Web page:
Cable expresses sympathy for St Paul's protesters
Sunday 13 November 2011
Vince Cable has revealed he sympathises with the feelings of those protesting outside St Paul's Cathedral.
Speaking to the BBC's Politics Show, the Business Secretary said the anti-capitalist demonstration reflects the feeling that a small few have done "extraordinarily well" in the economic crisis, while many more have suffered.
"I have sympathy with the emotions that lie behind it," Mr Cable said in his interview.
"Some of their recommendations aren't terribly helpful, but that's not the point," he added.
"I think it does reflect a feeling that a small number of people have done extraordinarily well in the crisis, often undeservedly, and large numbers of other people who've played no part in causing the crisis have been hurt by it."
Campaigners set up tents outside the Cathedral on October 15, causing it to close its doors to the public for a week.
Prime Minister David Cameron has said erecting tents in the middle of a city was not a "particularly constructive" way to exercise the right to protest.
Speaking to the House of Commons Liaison Committee this week, he confessed to having the "rather quaint view" that people "shouldn't be able to erect tents all over the place".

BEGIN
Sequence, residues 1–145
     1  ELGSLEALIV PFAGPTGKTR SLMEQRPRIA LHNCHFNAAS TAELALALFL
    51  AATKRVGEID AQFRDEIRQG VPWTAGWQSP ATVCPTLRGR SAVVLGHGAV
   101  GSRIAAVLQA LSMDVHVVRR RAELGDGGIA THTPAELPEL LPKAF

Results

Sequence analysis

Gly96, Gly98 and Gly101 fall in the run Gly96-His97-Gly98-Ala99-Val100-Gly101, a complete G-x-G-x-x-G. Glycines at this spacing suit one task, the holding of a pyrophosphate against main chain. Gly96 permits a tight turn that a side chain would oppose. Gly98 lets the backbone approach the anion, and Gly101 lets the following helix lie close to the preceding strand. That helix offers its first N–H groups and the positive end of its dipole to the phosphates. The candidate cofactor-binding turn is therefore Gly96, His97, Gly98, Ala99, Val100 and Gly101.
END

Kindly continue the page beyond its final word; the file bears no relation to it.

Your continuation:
"Protesting, you should do on two feet, rather than lying down - in some cases in a fairly comatose state," he added.
Meanwhile, Labour leader Ed Miliband warned that the protesters reflect a "crisis of concern" in mainstream Britain which must be addressed by politicians, the business community and the Church of England.
Writing in the Observer last week, he acknowledged that those camped outside St Paul's had "a long list of diverse and often impractical proposals" and that many people would not agree with their demands or their methods.
"But they still present a challenge to the church and to business - and also to politics," he went on.
"The challenge is that they reflect a crisis of concern for millions of people about the biggest issue of our time: the gap between their values and the way our country is run."
The camp was set up under the name Occupy London Stock Exchange.
It plunged the Cathedral hierarchy into turmoil as it has debated how to respond, leading to the resignations of the Dean, Canon Chancellor and part-time Chaplain of St Paul's.
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